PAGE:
What a great looking trike! I have ridden trikes for years, and have tout about building my own. Now that you have had it a while, can you comment more on how it rides? And do you mind me asking what the finished weight is? Great job!
Thank you! Unfortunately due to &quot;life&quot;, I haven't ridden it much so I can't add a lot. This is the only recumbent trike I've ever ridden, but I'm sure it has more flex than a metal trike. While that makes it comfortable, the flexibility makes it feel less responsive. More swishy in how it handles. The only riding I've done is with my young son so we haven't gone on any long rides. I've been very pleased but I can't really comment on how it will hold up over time. The question is really more about my craftsmanship than the bamboo. The bamboo is very strong and I don't see it failing anytime soon.
Was the pvc version rideable?
No. It was pretty flimsy and only dry fit together. Simply a model for cutting and orienting the bamboo pieces.
Beautiful job; I like the way you used PVC pipe for the full scale model, very smart.
Beautiful bike, I love the idea of using bamboo. I like idea of the PVC pipe model. Just a pity can't cant be used to build an actual bike.
this is a real beaut! Do you have video of the trike yet? Id love to see some closeups in the vid, and pics too? <br> <br>Im thinking that a person could use the seat tubes you made as the seat itself. Many bent makers use sling seats, the build would be lighter, and quicker as the seat you made wouldnt be necesary. Though some of those dowel triangulations you made would have to be moved somewhat to allow for the shape of a persons backside to rest inside....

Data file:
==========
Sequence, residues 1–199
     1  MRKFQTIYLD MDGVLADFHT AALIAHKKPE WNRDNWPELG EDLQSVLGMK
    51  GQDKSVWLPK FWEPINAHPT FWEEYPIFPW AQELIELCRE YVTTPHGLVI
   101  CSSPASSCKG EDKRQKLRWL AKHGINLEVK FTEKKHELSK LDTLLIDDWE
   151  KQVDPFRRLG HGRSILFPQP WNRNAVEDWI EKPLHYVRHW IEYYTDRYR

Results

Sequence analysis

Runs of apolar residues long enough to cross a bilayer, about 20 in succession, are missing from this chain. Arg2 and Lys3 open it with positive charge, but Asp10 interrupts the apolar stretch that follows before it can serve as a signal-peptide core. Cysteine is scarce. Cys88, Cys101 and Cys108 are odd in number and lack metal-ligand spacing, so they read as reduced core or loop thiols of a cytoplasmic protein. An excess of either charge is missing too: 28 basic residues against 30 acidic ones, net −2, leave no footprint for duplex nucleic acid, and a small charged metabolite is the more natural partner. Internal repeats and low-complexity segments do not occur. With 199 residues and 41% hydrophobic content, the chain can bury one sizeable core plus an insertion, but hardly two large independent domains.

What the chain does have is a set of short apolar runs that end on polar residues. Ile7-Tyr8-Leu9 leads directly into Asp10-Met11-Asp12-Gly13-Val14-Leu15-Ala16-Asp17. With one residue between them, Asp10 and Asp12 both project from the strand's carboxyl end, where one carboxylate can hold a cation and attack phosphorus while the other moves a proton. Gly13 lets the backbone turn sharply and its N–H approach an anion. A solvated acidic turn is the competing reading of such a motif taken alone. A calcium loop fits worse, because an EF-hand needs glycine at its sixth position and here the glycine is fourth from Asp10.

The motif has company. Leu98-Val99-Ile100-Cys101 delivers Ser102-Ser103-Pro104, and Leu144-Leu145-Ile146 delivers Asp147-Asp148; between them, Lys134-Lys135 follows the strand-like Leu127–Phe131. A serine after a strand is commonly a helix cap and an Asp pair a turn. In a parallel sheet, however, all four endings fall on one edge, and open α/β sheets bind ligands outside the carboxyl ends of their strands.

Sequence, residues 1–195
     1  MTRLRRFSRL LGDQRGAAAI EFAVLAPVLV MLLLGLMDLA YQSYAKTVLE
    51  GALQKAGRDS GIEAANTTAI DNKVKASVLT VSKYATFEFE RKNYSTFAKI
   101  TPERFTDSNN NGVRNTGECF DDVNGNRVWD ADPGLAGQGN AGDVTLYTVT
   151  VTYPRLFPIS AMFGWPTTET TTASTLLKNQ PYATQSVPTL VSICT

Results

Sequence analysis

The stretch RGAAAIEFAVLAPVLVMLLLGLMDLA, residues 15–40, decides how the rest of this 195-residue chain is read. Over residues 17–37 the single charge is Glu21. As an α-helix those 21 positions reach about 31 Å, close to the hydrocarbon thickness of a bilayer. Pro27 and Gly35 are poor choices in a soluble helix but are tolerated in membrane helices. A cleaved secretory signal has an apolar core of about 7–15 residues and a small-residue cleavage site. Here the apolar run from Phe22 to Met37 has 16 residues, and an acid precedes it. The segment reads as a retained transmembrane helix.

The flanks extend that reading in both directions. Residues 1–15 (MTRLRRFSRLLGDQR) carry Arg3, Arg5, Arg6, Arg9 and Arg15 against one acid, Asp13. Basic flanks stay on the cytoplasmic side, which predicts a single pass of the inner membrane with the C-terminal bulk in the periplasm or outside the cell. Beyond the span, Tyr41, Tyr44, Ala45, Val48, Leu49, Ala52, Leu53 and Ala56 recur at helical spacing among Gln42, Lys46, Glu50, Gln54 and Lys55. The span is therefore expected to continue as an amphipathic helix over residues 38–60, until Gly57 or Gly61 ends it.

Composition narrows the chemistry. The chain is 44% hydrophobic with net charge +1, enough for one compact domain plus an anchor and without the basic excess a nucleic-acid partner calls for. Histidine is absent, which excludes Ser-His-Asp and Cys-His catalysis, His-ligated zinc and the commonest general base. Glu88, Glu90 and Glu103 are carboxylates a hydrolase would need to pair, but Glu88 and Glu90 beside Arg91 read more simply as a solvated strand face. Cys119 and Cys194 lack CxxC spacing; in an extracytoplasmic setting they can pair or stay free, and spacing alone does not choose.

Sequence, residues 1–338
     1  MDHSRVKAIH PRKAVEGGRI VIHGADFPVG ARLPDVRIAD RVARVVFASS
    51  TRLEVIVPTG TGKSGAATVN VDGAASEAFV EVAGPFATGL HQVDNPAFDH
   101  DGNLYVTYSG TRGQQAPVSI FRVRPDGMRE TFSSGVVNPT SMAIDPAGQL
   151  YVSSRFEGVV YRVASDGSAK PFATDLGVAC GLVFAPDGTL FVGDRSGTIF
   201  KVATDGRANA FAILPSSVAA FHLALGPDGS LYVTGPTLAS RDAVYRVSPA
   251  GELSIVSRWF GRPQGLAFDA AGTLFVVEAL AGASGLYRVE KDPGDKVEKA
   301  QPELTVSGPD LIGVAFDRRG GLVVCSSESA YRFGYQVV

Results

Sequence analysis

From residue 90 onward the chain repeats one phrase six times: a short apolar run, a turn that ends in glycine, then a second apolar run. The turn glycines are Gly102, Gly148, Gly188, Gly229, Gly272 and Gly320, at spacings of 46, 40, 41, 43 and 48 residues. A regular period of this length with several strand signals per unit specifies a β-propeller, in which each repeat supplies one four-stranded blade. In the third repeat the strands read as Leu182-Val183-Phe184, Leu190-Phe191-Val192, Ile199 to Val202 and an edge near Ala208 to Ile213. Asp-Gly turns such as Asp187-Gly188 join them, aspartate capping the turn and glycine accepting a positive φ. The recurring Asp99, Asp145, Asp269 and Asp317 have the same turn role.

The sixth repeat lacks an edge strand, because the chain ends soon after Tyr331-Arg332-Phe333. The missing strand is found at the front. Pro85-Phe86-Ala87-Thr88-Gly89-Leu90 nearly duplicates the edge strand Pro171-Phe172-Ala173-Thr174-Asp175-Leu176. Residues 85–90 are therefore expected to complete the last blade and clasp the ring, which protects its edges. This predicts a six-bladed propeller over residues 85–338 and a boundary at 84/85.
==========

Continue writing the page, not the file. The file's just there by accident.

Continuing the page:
Thank you! I need to shoot some videos but just haven't yet. I originally considered using a sling seat but went with this type mainly for the stability of the frame. The triangulations you mentioned, ect. The bamboo has so much flex but it might be possible to make it work another way.
Amazing, beautiful work!<br><br>The first time I built a recumbent it was high and short and bucked me forward when I rode over bumps. This was unpleasant. <br><br>How does yours handle when riding over things like small speed bumps?<br><br>It looks like you have separate breaks and non-Ackermann steering. Does it pull to the side at all if you break on one side only? And do you have any trouble cornering with your steering arrangement?
Thank you! It takes bumps very well especially with the bigger tires. The angle of the seat makes it feels a bit like riding a recliner. With that degree of recline the only thing that has thrown me forward is locking the front brakes at high speed. Doing that will actually lift the back wheel off the ground.<br><br>It has Ackermann steering although not your typical set-up. I kinda made that part up by welding a couple pieces at 45 degrees on the steering arms to get the tie rod pins on a line running from the front axles to the center of the rear wheel. It turns well although I might change my handlebars at some point. When you turn hard you have to slide your butt to the side a bit. A lot of trikes have vertical handle bars but I liked the feel of having my hands at elbow level for comfort. Considered under the seat steering but that seemed to just complicate things -- primarily attaching the handlebar headset to the bamboo, etc.<br><br>I can't tell that it pulls much when braking. Whatever pull is present is easily compensated for and I haven't noticed much of a problem.
I want one of these ! A good recumbent costs so damn much though.<br>Ill build it from aluminum or steel though, I tend to break fancy things.
Congrats on being a finalist, and good luck!
Great! Can't wait to hear!
Great Project!